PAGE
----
Vice Chairman, CEO and Board Services
This Week in Leadership (July 19 - July 25)
What the Delta variant means for office returns. Solving the labor shortage with returnships. Plus, tips for how to be a great board director.
It’s a situation many people find themselves in at some point in their lives: A family member asks for a few bucks to get through a tough time. You don’t want to see the family member suffer, though giving them money could alter the relationship in unintended ways.
But what happens when that request comes from a business partner, one whose existence your own company may depend on? It’s a quandary some leaders are asking themselves after it was revealed that Tesla has asked some vendors to give back some of the money the automaker had paid for goods. Tesla told the suppliers that it was essential to the firm’s continued operation. It puts the suppliers in an awkward position, says Alan Guarino, the New York-based vice chairman of Korn Ferry’s CEO and Board Services practice. “I would say to any supplier considering such a request, ‘So when did you become a bank or a venture capital company?’”
While rare, companies asking suppliers for retroactive cash back isn’t unheard of. Retailers and clothing firms have done it, and so have pharmaceutical firms. Indeed, there are even websites that offer suggestions on how to ask. Car companies have been known to ask for discounts on current contracts with suppliers. But Guarino says he’d advise executives against giving cash back for sales that have already been completed. The request shows that the customer isn’t acting like a business partner, he says. Worse, it could set up similar requests from other customers.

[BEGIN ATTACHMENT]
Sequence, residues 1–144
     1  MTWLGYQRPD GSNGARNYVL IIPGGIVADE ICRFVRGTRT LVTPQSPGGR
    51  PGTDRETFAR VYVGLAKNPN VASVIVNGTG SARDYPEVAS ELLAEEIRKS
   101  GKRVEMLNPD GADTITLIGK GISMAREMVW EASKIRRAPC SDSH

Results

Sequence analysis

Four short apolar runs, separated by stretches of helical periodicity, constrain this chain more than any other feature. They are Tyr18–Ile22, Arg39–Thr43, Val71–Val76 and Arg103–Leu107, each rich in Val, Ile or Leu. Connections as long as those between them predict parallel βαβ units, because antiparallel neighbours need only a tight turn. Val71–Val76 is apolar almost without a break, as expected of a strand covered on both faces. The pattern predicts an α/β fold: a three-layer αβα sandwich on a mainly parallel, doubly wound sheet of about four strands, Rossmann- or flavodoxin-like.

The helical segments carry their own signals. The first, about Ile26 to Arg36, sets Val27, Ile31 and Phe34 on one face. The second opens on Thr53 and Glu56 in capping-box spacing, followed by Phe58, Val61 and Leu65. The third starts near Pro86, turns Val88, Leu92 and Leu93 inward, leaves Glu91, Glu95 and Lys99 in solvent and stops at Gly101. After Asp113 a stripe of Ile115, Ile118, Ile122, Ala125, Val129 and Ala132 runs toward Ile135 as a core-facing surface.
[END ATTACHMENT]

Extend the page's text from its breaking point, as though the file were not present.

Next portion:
The notoriety of Tesla, of course, could complicate things. After all, it’s one of the most recognizable companies on the planet. Its push to produce as many electric cars as possible is well known, as is its ability to go through cash. (It went through about $1 billion in free cash during the first quarter.) Plus, since Tesla’s cars have so many specialized components, its failure could seriously impact the business of its suppliers.
But saying no to a rebate doesn’t have to be the end of a conversation, Guarino says. Indeed, there are many ways to help out a troubled business partner that could wind up strengthening the relationship. The vendor can change prices and financing terms on future purchases. Or the vendor can provide consulting help, potentially helping the customer to use the products more efficiently. A supplier could even try to help line up support from a bank or other financial firm. “A supplier should sit across the table and ask, ‘What else can we be doing to help you?” Guarino says.